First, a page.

Cat No: 831295
In the late 1960s, Decca was playing to its strengths mass marketing classical and easy-listening recordings just as it had been doing since the late 1920s. In April of 1968, Decca entered into a venture that would see its repertoire prominently displayed by non-specialist retailers, and after much resistance, it moved into the world of budget releases, with the beginning of its much loved The World Of series in 1968. The first album set out the series stall perfectly, focusing on one of the labels biggest-selling artists: The World of Mantovani was a fourteen-track collection derived from the conductors sizeable catalogue on Decca.
The World Of series acted as perfect primers, and the price put it at almost half the price of full-price albums. Its whole raison dêtre was to drive sales of the artists repertoire: inviting consumers to dip in here and discover more … while the rear sleeve clearly offered the catalogue numbers of the parent albums. Later, the World Of s would also become treasure troves for rarities and one-offs.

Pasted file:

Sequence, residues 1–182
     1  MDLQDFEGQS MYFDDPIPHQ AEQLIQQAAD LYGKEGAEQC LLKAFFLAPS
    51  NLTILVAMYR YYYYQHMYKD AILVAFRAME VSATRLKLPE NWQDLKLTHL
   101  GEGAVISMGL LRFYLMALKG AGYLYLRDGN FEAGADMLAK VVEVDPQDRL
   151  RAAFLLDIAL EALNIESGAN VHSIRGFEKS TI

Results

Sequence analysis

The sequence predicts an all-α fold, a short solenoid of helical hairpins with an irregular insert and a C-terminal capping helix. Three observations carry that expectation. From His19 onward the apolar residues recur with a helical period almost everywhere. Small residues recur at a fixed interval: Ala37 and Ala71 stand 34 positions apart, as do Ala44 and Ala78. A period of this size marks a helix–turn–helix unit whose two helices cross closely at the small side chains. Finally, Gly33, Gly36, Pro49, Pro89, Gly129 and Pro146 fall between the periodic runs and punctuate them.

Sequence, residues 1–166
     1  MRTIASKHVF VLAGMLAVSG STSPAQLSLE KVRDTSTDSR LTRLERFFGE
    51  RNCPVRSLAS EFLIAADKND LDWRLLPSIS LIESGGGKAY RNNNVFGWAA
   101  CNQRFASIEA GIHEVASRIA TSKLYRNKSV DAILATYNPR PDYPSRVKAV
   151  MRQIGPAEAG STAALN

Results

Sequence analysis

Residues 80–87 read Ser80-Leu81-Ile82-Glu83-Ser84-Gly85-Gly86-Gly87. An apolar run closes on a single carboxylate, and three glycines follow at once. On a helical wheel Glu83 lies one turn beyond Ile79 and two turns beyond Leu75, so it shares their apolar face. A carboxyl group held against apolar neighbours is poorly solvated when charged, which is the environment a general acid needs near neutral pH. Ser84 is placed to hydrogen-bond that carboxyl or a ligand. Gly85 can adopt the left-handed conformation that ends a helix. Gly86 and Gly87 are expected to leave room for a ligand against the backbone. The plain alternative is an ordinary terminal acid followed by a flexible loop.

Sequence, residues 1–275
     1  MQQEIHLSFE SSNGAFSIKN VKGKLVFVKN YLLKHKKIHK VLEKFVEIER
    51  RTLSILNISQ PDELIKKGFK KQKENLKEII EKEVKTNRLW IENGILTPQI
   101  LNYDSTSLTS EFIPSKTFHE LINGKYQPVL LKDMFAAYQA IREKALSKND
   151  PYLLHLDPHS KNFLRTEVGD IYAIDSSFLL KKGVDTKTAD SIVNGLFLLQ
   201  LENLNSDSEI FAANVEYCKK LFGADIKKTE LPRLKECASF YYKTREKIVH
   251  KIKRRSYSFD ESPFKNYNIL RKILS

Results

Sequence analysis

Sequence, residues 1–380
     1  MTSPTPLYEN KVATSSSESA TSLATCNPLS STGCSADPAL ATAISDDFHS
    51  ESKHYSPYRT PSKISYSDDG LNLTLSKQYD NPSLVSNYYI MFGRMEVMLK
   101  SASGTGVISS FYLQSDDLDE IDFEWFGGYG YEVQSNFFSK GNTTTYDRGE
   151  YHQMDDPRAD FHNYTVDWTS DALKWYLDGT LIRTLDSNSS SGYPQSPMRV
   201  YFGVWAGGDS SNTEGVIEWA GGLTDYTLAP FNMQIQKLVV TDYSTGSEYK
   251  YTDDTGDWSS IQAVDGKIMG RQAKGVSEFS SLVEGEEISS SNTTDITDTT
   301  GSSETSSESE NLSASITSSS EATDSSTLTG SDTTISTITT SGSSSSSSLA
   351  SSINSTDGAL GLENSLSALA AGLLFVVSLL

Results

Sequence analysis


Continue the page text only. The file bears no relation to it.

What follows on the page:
Initially, the series stayed in the Easy territory and by the end of 69, 54 titles were available. Unsurprisingly, given the labels heritage, classical repertoire would also become a mainstay. The first classical LP was one of the early issues: The World of Johann Strauss. The series treated classical music much like pop: compiling the most popular pieces and presenting them across two sides foreshadowing todays ubiquitous Best Of playlists. The series would run throughout the 1970s and become synonymous with the label. It was taken so seriously that David Bowie himself offered the track listing for his own addition to the series.